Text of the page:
Contact Centers Get Smarter

Contact centers have evolved consistently over the past two decades and always seem to be utilizing a mix of both old school voice technologies and newer solution elements.  My exposure to contact centers has been as a customer, product manager for related connectivity products and as a contributor to an important SIP-based IETF standard for standardizing collection of user information. I also get to hear war stories on a regular basis from people I know who work in call centers.

One of the newest trends is to add Artificial Intelligence (AI) into the mix.  Google has recently announced their Cloud Contact Center AI solution and it’s described in some detail within a blog post on the Google web site.

Google themselves aren’t in the Contact Center solution market (yet!) and this solution is designed to complement solutions from other providers. There is a rich history of solutions provided by companies such as Avaya, Genesys, Cisco and many others that were originally all premise based, but contact center solutions increasingly have been moving to the Cloud in recent years.  A review of the blog post noted above shows an interesting mix of how AI is injected into the fray.  Contact centers are a people intensive business, as agents take incoming calls and customers get queued up until an agent is available.  Google’s Diagflow development tool enables contact center providers to create automated virtual agents who can take incoming calls and use a combination of Interactive Voice Response (IVR) tools and access to databases to start interacting with incoming callers.  There are limits at this point, but the tools such as Virtual Agent (shown as being in a Beta status) can start analyzing the caller’s needs, answer some questions and determine if a handoff to a live agent is needed.

Another new tool is called Agent Assist.  Assuming that some of the incoming calls eventually do need to connect to a human agent, this tool (shown as being at Alpha level) can augment the agent’s progress through the conversation by providing tips such as relevant articles or other shortcuts.

The big picture here is fascinating. There’s been a long term debate about whether AI should replace human roles or augment human capabilities.  Walter Isaacson’s book, The Innovators, has some interesting discussion about this from AI experts on both sides of this argument.  Google AI pursues both directions.  At the business level, contact centers employ a lot of humans and need to assist many customers via tools which can include voice, chat, speech recognition and much more.  Customers want answers or perhaps want to make a purchase. So whether AI is used to deal directly with the customer needs or help an agent to get to answers more quickly, it’s a win for the customers. For the companies who deploy contact centers, AI  offers another approach to get more productivity out of the investment they have already made in contact center solutions and in agent resources that utilize these solutions. Human call agents do add value in this equation, particularly when the issues are complex or emotions come into play, so don’t expect these virtual assistants to eliminate those roles, but over time, the trend is likely to be toward making more use of AI at various stages of the customer interaction.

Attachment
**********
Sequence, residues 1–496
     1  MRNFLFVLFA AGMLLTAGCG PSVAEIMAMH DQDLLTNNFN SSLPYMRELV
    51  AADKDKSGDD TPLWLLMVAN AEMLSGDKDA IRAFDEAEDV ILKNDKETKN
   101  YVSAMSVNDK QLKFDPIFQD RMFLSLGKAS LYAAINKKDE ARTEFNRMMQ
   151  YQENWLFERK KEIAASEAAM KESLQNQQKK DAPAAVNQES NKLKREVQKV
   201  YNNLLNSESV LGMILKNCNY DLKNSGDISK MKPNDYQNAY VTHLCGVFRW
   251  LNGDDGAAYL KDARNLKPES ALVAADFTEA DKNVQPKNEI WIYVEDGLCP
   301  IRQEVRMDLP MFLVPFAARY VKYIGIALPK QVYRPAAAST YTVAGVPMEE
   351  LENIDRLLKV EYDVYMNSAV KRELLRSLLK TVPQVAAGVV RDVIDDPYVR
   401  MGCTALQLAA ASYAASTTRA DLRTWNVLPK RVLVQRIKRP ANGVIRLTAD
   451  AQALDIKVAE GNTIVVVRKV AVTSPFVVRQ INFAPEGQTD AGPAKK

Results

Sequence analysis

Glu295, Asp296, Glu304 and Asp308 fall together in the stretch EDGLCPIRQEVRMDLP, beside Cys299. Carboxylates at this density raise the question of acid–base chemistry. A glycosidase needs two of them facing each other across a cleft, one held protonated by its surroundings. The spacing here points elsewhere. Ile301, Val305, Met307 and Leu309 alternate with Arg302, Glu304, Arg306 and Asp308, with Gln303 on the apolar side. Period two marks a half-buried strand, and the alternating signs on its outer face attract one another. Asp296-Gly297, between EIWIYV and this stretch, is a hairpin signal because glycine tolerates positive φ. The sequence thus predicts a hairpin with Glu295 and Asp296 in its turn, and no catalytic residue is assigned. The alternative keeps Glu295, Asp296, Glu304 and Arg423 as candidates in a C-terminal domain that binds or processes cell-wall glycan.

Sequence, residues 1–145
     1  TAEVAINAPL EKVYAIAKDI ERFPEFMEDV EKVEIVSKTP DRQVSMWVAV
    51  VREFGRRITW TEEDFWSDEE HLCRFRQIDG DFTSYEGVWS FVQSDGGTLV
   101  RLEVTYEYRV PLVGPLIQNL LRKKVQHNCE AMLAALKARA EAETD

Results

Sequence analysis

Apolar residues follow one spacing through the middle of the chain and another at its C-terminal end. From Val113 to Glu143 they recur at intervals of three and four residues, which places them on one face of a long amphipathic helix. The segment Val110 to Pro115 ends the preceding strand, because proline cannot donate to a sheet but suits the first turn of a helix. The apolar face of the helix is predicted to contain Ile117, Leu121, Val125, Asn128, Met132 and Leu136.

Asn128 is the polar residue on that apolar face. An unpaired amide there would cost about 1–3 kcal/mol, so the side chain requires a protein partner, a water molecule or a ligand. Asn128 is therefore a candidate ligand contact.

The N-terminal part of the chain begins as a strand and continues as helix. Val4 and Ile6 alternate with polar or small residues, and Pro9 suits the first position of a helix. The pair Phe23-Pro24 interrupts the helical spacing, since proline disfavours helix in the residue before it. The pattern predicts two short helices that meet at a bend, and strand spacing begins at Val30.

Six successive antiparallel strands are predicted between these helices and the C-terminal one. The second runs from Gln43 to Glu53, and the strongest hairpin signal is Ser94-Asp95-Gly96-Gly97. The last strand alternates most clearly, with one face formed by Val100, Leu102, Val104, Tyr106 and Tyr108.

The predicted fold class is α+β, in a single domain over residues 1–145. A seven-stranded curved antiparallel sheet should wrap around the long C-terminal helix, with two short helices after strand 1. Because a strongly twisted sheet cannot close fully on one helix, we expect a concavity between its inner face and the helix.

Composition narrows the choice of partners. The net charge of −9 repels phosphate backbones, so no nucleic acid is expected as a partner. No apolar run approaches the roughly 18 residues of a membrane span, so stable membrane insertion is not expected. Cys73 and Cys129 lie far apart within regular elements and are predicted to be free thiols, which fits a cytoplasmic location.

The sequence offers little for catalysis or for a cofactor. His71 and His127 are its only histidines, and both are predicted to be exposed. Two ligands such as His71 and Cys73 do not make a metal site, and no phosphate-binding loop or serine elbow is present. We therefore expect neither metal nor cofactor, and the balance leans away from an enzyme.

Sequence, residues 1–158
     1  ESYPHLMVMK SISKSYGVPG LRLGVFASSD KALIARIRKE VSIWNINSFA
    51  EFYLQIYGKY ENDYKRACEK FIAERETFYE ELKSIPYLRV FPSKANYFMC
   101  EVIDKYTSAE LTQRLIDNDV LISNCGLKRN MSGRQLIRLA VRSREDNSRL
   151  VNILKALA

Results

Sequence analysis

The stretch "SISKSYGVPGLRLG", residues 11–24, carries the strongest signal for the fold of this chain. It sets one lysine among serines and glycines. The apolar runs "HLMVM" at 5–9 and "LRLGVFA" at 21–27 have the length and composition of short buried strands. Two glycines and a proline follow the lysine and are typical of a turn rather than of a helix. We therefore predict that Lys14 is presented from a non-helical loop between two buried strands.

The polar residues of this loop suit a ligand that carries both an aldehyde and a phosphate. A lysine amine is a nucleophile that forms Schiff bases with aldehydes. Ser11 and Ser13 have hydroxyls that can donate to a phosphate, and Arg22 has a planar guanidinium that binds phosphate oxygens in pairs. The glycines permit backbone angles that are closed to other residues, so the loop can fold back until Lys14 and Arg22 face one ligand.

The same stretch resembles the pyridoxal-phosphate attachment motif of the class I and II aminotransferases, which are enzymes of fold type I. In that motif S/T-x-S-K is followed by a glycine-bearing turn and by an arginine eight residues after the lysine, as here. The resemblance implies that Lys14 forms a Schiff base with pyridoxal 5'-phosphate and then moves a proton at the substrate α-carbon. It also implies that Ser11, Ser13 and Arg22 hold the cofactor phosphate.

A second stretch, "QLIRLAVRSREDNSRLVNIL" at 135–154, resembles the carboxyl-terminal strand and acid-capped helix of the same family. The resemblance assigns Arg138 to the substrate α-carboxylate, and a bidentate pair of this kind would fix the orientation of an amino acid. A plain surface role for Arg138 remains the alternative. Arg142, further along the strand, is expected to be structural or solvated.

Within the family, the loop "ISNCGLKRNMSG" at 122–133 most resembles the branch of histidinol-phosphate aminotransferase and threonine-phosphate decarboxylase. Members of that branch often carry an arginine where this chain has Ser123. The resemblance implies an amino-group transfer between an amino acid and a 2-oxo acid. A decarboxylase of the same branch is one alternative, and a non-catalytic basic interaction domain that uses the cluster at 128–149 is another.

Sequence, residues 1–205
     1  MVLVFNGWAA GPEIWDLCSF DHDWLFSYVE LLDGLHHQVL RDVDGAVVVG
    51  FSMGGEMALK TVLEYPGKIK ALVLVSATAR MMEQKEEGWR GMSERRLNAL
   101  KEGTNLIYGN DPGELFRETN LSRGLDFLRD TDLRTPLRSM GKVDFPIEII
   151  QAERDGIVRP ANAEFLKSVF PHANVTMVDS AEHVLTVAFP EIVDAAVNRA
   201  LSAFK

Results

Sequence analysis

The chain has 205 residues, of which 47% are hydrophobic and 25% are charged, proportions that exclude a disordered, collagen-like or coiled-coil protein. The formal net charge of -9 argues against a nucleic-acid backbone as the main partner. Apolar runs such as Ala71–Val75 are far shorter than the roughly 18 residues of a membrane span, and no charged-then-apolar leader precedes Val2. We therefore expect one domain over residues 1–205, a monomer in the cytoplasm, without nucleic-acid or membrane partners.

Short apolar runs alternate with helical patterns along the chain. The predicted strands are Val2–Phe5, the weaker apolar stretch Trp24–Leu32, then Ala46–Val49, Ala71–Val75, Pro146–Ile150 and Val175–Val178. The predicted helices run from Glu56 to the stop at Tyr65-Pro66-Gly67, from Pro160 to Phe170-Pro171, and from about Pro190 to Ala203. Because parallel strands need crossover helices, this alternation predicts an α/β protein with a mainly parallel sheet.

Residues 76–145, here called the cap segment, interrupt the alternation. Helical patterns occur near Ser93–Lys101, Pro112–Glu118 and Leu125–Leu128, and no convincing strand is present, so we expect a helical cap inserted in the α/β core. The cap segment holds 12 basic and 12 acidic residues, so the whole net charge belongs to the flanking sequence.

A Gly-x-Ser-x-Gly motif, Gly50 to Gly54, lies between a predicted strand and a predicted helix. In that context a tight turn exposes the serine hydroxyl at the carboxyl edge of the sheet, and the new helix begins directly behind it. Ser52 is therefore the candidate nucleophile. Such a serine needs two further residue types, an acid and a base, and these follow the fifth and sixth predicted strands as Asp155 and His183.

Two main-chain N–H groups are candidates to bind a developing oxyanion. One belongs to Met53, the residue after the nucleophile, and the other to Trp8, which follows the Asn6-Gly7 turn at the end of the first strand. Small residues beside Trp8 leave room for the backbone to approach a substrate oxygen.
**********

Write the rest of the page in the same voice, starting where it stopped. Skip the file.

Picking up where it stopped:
If you or your company is active in the contact center eco-system, feel free to weigh in with your comments.  If your company would like advice on how trends like AI will affect strategies for providing contact center solutions, you can reach me on LinkedIn or at our web site.

 

 

 

 

 

 

 

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About James Rafferty
James Rafferty has been active in the world of telecommunications, standards and related businesses in a variety of roles. He's been a thought leader in areas such as Voice over IP and Internet fax through his consulting, product management, marketing and standards activities. He loves to write and talk about new connections, applications and business models as communications and related technologies evolve.

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